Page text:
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Initiatives

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Cities at Crossroads: Perils of plastics waste

Recycle and reuse says Isher Ahluwalia.
A well-balanced article by one of India’s foremost economists. Plastics are very messy because many of these do not degrade fast enough. And so one needs to look at various options of reuse or recycle. This article, however, misses a bit, for instance, packaging materials that decompose. Perhaps we will devote a future newsletter to compostable packaging materials.



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Yamuna burning ghat gets a Green Waste Reprocessor

Reprocessing good wishes for the dead.
India’s many millennia-old tradition of cremation and immersion causes massive harm to its rivers in this era of high population concentration.  A waste reprocessing plant would recycle the flowers and biomass that goes with the immersion and convert it into something that can be reused for the dead.



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How to save environment and make money at the same time

Environmentally conscious investors finally get some returns.
How are investors who desire to also achieve social and environmental objectives via their investment fairing Apparently, impact investing is at par or even better financially than the more market-driven investments. If this trend sustains it is good news indeed.



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Blanket ban on petcoke not a wise move

Use PET cement for lower pollution.
PET is what’s left over in the refining process and has extremely high sulphur content, which if burnt untreated causes pollution many thousand times that is caused by coal or other petroleum products.  While the courts are asking for a nationwide ban, this interesting article says that using PET for cement production actually may help in both lower cost cement and also lower pollution.



Government Actions this week


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Why use environment funds to buy electric buses, HC asks Delhi govt

Environmental funds not for Buses or GST.
The NDA government diverted environment funds to account for the newly introduced GST related imbalances. Now the Delhi government is using its environmental funds to buy buses. In both the cases, the government acted in the short-term interest. In the latter case, which is less than a 100th of the amount that the central government diverted, the Delhi high court intervened. While that may be a short-term victory, in the view of this author, it is best for the judiciary to avoid intervening into where and how governments use their funds.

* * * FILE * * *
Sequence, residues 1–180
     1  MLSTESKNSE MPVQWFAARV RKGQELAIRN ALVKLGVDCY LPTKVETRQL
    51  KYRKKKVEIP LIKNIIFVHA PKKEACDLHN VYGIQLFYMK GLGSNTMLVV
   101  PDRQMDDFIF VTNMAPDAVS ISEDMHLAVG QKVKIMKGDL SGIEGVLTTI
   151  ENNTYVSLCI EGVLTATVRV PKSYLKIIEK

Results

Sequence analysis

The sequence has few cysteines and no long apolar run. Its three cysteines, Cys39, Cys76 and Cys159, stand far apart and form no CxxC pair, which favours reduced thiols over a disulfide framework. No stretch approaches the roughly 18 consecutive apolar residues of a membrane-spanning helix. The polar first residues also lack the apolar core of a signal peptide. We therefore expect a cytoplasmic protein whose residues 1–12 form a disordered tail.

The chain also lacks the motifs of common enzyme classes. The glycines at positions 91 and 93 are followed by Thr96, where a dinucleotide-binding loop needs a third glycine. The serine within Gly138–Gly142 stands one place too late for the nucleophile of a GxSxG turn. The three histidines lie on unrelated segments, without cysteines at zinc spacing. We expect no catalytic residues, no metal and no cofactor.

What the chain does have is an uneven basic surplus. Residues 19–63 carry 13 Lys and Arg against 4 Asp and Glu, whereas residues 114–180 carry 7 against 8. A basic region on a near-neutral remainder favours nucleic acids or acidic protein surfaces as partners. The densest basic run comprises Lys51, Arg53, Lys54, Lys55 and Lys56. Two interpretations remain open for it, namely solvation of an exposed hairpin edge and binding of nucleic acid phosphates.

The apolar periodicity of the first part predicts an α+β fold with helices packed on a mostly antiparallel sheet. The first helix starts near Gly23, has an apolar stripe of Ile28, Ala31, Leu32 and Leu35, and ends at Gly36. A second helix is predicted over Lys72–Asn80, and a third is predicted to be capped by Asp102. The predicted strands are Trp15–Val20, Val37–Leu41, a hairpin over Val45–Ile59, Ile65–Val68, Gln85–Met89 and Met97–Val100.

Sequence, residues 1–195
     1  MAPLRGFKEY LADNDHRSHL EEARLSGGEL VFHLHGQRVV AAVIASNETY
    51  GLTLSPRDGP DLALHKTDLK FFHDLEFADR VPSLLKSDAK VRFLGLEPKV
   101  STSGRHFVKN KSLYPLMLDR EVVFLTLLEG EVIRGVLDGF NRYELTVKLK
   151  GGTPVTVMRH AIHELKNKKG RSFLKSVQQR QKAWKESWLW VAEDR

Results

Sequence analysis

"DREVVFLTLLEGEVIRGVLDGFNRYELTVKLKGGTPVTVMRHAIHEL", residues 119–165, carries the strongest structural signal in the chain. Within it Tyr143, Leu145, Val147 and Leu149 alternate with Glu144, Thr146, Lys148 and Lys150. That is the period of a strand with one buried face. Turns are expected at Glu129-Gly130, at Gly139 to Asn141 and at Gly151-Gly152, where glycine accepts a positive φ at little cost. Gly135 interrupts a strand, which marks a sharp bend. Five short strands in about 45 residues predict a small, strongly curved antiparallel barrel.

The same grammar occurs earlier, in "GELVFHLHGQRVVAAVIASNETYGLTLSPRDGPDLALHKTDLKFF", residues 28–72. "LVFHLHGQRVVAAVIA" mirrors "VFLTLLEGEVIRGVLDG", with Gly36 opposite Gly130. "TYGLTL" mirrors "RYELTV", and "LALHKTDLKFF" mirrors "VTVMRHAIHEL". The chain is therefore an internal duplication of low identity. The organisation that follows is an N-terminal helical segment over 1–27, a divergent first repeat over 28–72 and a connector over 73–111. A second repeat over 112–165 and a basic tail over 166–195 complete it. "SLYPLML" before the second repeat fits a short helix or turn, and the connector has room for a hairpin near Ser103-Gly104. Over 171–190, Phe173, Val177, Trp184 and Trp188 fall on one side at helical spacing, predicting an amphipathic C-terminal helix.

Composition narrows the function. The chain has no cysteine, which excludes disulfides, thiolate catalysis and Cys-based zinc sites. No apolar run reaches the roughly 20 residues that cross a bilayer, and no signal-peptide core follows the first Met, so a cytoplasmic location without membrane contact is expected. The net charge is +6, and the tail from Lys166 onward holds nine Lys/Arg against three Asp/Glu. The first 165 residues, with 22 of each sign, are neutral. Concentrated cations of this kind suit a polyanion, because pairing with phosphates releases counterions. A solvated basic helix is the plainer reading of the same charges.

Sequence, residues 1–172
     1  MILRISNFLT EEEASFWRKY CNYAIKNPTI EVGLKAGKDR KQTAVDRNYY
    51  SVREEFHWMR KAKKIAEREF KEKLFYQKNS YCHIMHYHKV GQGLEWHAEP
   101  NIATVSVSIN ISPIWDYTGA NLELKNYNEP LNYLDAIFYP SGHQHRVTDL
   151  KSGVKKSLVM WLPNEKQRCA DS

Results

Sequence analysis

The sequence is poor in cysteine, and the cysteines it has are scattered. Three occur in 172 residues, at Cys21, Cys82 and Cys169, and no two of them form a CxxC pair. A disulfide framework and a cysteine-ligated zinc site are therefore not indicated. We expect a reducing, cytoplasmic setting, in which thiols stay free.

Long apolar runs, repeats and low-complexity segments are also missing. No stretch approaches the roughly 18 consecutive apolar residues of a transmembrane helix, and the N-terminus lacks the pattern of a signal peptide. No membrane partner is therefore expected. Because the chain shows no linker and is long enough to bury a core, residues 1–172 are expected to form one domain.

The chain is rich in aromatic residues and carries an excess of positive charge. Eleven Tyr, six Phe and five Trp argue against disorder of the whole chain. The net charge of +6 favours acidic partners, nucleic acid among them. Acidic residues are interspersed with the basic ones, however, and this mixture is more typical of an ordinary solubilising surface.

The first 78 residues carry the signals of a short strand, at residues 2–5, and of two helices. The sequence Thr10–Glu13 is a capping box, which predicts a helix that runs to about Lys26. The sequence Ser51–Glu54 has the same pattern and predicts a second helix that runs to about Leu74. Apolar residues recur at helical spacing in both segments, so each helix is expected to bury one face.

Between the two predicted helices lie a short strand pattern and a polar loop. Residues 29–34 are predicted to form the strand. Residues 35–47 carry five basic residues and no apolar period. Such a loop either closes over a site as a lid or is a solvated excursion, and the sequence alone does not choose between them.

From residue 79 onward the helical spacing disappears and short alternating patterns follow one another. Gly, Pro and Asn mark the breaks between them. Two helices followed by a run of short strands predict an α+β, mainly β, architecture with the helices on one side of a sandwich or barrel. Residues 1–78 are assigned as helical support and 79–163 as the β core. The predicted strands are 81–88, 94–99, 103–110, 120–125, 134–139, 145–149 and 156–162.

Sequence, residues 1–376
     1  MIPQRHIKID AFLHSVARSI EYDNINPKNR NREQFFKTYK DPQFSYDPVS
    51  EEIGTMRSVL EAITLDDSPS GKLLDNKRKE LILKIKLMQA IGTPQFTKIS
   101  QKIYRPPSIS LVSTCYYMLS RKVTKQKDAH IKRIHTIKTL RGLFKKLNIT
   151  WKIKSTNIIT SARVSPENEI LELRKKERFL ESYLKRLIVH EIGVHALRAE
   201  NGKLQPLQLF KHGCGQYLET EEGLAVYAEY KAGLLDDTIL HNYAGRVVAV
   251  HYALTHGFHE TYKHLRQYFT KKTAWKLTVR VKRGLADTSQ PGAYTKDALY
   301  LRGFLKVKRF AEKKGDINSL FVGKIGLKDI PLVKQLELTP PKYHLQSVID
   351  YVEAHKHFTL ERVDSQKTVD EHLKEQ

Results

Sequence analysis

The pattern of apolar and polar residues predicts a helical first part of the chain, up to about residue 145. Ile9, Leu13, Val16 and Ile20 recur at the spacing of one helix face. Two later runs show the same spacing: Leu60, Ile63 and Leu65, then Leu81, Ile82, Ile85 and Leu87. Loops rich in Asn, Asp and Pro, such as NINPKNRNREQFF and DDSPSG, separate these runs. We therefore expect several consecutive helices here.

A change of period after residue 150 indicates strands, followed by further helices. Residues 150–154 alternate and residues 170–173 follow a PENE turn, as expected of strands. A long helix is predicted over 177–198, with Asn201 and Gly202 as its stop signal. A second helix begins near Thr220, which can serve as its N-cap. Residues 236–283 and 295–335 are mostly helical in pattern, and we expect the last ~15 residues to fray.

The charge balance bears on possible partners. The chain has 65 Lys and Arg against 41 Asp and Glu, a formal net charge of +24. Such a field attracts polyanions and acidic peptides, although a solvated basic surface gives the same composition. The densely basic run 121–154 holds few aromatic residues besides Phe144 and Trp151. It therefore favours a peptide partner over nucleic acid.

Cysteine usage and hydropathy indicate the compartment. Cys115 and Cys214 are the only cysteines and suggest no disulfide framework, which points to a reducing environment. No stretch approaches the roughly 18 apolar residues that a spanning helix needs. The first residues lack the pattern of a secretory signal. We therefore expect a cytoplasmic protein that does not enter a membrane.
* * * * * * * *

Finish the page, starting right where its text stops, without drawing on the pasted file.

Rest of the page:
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Govt to standardise parameters used for measuring air quality

Government seeks to standardize pollution measurement.
Standardization and certification would help the sector a lot, but there are also cons to it.  On the positive side, much of pollution measurement equipment purchases would be by the government and related authorities, and a certification from the government make the bureaucracy and public-sector managers feel that much protected against future internal accusations and inquiries.  So, a formal certification mechanism will help accelerate the spread of such equipment.



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Court tells Delhi govt to set ‘measurable targets’ to mitigate air pollutio

Fix responsibility says Delhi High Court.
Perhaps for the first time, the judiciary asks the government to fix responsibility to officials for pollution reduction.  There is a gathering momentum in India of fixing responsibility on officials, at least where the environment is concerned.  This is something we have not seen in any other sector – education, health, sanitation, etc.  The state cannot govern without fixing responsibility on its own staff.  But can Delhi’s weakly empowered state government affix any responsibility on anyone?  I doubt it.



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